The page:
Subject: Re: DEC vt320 terminal problem
To: NetBSD User's Discussion List <netbsd-users@NetBSD.ORG>
From: Shannon Hendrix <firstname.lastname@example.org>
Date: 06/18/2001 01:57:33
On Sun, Jun 17, 2001 at 08:48:03PM -0400, Greg A. Woods wrote:
> Note of course that autowrap is necessary in almost all cases when
> you're _not_ using a curses-base application (and when using
I turned autowrap off and switched to vt320-nam, just to see. No
> The ideal way to see what munging the shell does to tty settings is to
> login on a separate terminal simultaneously and on the second terminal
> compare the output from "stty -g < /dev/other_tty" (you can use "stty -a"
I did that a few days ago, and noted the differences. I logged into
Linux with the terminal and also ran diffs against the stty settings
Interestingly, I just ran ksh and tried running less (pager), ksh,
and ksh with emacs editing.
There was no difference in the output when I ran "set -o emacs".
Also, I have noticed that even if I turn off the multi-line prompt,
I still get a character (a <= digraph in ksh and bash) overprinting
the first column. [ read on for what this is in detail ]
Also, if I set my prompt in tcsh or bash to be " % " then I get no
linefeeds, except rarely.
The character overwriting the first column varies, and occasionally I do
get a linefeed.
This has probably been happening before, the but more complex prompt was
obscuring most of it.
So just now I set the terminal to display rather than interpret controls,
and it prints this:
...when I hit return after the ' % ' prompt. The u is actually an
accented u' digraph.
I should have thought of enabling this terminal feature before.
> > No, they don't. I meant to note this earlier.
> Ah ha! This is intersting, though perhaps not yet enough information to
> point a finger at any one problem....
Maybe the above information will help.
It's almost like, when a shell is running, the terminal is getting high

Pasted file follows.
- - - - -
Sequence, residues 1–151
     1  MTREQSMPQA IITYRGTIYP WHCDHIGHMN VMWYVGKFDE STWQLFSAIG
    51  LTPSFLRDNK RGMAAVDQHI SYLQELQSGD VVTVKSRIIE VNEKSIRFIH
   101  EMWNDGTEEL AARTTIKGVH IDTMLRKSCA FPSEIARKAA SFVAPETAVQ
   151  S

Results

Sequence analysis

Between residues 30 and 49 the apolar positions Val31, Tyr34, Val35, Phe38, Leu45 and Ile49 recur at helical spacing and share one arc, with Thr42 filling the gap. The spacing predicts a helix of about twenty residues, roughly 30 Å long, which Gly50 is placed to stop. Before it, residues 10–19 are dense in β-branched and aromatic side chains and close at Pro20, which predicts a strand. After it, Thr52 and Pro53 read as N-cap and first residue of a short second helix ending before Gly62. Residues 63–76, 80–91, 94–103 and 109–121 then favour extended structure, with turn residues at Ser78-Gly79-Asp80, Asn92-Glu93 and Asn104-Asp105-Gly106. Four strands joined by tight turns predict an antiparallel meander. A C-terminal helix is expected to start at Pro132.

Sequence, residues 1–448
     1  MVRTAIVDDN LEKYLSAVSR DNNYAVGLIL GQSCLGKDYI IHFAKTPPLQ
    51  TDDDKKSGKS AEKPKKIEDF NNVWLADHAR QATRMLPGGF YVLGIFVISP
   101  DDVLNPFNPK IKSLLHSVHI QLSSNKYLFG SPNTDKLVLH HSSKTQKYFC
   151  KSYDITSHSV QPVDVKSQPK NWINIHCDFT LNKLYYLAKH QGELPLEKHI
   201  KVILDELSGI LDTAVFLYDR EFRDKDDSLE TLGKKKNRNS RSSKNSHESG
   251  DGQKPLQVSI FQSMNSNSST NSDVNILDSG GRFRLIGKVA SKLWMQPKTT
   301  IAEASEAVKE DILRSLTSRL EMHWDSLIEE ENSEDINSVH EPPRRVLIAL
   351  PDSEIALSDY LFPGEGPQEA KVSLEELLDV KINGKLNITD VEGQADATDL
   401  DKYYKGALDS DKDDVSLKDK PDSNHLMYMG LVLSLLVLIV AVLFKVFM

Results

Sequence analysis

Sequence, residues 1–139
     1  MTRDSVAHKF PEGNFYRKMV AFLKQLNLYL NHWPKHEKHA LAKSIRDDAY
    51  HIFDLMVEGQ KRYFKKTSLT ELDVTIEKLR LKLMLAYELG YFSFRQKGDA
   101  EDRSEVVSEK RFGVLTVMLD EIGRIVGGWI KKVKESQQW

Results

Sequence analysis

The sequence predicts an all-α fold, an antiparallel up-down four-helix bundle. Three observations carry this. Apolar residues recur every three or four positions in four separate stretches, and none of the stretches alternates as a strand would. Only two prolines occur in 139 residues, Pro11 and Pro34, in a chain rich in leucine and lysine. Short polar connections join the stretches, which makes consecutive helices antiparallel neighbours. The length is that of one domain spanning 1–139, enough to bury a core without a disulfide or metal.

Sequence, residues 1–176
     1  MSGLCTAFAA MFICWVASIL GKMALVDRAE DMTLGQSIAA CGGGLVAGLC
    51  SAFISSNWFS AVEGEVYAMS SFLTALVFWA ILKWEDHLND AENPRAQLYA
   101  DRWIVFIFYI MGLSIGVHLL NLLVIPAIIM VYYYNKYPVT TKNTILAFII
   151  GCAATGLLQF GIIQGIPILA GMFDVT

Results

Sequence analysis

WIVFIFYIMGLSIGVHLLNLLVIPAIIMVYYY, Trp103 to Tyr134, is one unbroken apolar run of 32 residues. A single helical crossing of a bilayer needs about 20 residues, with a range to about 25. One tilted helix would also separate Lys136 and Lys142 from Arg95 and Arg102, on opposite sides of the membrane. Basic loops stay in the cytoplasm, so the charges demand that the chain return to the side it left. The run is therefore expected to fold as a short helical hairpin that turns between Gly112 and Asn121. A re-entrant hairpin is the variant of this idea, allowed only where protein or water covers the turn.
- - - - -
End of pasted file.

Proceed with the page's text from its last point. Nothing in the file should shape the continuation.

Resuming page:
ascii characters. This could be the shell munging stty settings and/or
sending escape codes. Though with the latter, I would have expected more
than a single character. Maybe the u' digraph is the result of an escape
> > I actually
> > use this terminal, it's just just a console.
> Does "just just" == "not just"? (a new form of negative logic? :-)
If you deprive yourself of enough sleep, there isn't anything negative
about it... :)
> The newlines alone may be the problem.
> I suspect you're using tcsh (I don't remember if you mentioned this
> /bin/ksh does appear to handle multi-line prompts OK (if you only use
ksh seems to have as much trouble as the rest. If I hold down ^J and
let it autorepeat, I'll see the occasional >= digraph I mentioned
Doing the same thing in any other program works fine.
The vt320 terminal uses an 8051 microprocessor as far as I know, and I
do have to use handshaking or it will lose data on fast outputs. It's
not the fastest terminal in the world, even though it's clocked at
But since this is still shell only, I was wondering if something is
happening, only in a shell prompt, that is causing a timing issue? Not
trying to confuse things, but it's a thought.
I have the same trouble at 9600bps BTW, so I don't think it's a simple case of
buffer overruns or some such.
Again using display instead of interpret controls, I get a stream of
<cr><cr><lf> characters from ksh with a simple $ prompt, with the
occasional <cr><cr>u' instead.
The u' digraph is coming in place of the linefeed, which sounds like
timing to me. The simple prompt just causes this to happen much
less often, or at least that's what it looks like.
"Star Wars Moral Number 17: Teddy bears are dangerous in herds."